FIELD TRANSECT STUDY. Tallow tree population growth rates differ in the five coastal forest types described above (Renne, unpubl. data), so we investigated whether seedling emergence and survival were different in these habitats. Because herbivory, trampling by mammals and microsite differences can create spatial and temporal differences in seed germination and seedling survival (Howe et al. 1985; Oswald and Neuenschwander 1993), seeds were sown along unfenced transects where no litter or vegetation was removed.
On 15 March 1998, 6000 seeds were collected from ca. 100 tallow trees. Seeds were sown 0.5 cm deep at 20 cm intervals along five randomly placed 20 m transects in all five habitats (n = 100 seeds per transect and 500 seeds per habitat). On 23 May, 23 June and 31 July 1998, newly emerged seedlings were marked with a plastic straw and their transect position was recorded so that emergence and survival history could be determined for each seedling. Because seedlings may emerge from a seed bank, seedling emergence was also monitored along transects without sown seeds. These were located I m away from those with sown seeds. Final seedling number was estimated by subtracting numbers of surviving seedlings from transects without sown seeds from ones with sown seeds on 9 October 1998. This experiment was repeated on 18 March 1999, but freshly collected seeds were sown at 40 cm intervals along 20 rn transects located 1 rn away from those used the previous year (n = 50 seeds per transect and 250 seeds per habitat). Numbers of surviving seedlings were recorded on 10 October 1999 only.
SEED BANK STUDY. On 15 March 1998, the potential for a one- and two-year soil seed bank was assessed by burying two packs of 100 tallow tree seeds at a depth of 4 cm in each of three randomly selected, fenced locations in each of the five forest types (n = 3000 seeds). Seeds were placed in panty hose pouches surrounded with 0.5 cm mesh hardware cloth to prevent seed predation by rodents. One seed pack was recovered from each plot after one and two years. We assumed seeds with split seed coats had germinated. Ungerminated seeds were tested for viability with 1% TC. Actual sampling of the soil seed bank did not occur.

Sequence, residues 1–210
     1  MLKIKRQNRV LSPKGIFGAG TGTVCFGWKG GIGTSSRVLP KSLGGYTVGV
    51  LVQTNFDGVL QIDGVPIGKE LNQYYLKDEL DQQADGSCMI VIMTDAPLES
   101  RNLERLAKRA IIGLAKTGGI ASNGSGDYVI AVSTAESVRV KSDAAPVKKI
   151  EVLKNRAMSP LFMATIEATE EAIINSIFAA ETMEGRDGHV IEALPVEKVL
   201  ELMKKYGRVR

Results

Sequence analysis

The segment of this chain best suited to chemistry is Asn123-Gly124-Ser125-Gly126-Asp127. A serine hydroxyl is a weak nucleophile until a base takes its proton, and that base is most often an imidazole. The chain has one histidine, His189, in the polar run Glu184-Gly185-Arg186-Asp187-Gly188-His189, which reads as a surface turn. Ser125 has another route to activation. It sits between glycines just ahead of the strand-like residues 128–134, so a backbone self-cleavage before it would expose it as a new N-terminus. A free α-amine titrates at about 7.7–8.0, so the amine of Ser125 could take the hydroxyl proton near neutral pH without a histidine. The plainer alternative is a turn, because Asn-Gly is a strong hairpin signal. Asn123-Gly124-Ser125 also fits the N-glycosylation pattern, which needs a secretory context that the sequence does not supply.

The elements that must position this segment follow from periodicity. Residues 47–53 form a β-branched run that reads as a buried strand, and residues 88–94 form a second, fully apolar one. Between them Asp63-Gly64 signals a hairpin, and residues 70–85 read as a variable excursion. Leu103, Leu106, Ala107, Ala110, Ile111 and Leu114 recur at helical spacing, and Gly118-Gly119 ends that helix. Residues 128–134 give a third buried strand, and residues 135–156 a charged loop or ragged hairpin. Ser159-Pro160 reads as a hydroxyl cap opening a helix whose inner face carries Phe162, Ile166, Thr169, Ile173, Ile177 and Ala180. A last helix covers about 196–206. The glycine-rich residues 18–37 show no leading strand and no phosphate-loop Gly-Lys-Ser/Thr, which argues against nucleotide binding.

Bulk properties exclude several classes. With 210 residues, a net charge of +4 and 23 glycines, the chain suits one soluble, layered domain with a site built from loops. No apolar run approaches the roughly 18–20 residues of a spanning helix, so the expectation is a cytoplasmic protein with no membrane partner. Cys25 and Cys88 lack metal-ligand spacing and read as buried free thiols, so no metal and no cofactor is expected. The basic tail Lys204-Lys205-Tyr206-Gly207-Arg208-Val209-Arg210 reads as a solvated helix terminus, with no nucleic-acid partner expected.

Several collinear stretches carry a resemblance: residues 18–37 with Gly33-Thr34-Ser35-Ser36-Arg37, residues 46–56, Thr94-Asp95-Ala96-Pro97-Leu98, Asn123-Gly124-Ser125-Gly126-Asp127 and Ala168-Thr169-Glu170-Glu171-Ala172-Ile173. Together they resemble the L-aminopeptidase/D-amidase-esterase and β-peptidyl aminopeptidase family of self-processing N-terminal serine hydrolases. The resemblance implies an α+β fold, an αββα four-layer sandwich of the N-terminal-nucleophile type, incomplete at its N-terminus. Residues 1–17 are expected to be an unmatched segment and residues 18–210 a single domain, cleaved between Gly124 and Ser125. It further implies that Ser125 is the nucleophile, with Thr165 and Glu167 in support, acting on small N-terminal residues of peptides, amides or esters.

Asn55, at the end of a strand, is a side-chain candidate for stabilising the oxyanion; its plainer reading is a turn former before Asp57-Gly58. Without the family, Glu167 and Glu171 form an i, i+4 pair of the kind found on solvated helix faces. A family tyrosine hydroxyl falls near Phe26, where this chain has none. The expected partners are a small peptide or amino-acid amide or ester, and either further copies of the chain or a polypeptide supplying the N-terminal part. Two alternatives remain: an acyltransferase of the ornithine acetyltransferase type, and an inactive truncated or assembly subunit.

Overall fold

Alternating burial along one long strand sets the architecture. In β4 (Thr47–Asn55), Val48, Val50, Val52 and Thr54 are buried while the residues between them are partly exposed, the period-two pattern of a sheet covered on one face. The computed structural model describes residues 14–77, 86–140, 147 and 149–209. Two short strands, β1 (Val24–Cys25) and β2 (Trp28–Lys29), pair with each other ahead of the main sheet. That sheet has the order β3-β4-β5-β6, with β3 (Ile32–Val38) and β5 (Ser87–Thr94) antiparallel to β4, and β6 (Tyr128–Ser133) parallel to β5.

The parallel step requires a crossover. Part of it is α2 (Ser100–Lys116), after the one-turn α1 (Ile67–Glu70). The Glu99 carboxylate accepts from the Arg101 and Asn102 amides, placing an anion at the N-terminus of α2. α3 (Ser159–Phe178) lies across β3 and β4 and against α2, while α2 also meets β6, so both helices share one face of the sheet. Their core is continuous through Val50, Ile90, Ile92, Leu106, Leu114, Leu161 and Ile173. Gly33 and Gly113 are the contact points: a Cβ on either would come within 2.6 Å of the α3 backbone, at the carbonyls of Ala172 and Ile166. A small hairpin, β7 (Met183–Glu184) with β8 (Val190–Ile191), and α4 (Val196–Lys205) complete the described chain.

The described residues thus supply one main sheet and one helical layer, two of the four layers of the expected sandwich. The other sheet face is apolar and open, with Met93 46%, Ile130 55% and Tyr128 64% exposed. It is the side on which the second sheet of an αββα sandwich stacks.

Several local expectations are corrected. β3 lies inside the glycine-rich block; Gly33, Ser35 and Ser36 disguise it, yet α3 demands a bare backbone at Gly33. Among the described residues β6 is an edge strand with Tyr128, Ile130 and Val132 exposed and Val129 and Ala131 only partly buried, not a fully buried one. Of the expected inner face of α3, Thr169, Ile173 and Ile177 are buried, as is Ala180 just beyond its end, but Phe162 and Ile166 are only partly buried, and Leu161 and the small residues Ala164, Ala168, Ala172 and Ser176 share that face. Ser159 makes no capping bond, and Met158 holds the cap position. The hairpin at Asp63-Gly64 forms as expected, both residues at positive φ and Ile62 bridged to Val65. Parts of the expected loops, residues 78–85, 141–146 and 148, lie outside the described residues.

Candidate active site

Six thousand seeds from one collection event were used in the seed bank, 1998 transect and second greenhouse experiment (1997-1998 seeds only). To obtain a baseline for initial seed viability, we split 101 of these seeds, counted the number of intact embryos, and placed cut embryos in 1% TC before any experiments were done.
Discussion. GREENHOUSE EXPERIMENTS. Although an avian gastrointestinal treatment is not a germination requirement, defecated and acid– treated seeds had higher percent germination and reduced germination time relative to unhandled seeds (also see Glyphis et al. 1981; Barnea et al. 1991). If early emergence leads to greater biomass accumulation during the growing season relative to later-emerging seedlings (Ross and Harper 1972; Fowler 1988), then the seedling survival advantage conferred by seed passage through birds may contribute to the northward spread of tallow tree by reducing germination time. Indeed, Draper (1982) and Jubinsky and Anderson (1996) report frost damage is a limitation to its distribution, and Renne (unpubl. data) found plant size is a strong determinant affecting tallow tree overwintering survival. Early emergence can also confer a competitive advantage over late-emerging conspecifics or other plants (Ross and Harper 1972; Weaver and Cavers 1979), but this advantage may vary in space and time (Fowler 1984; Kalisz 1986; Jones and Sharitz 1989).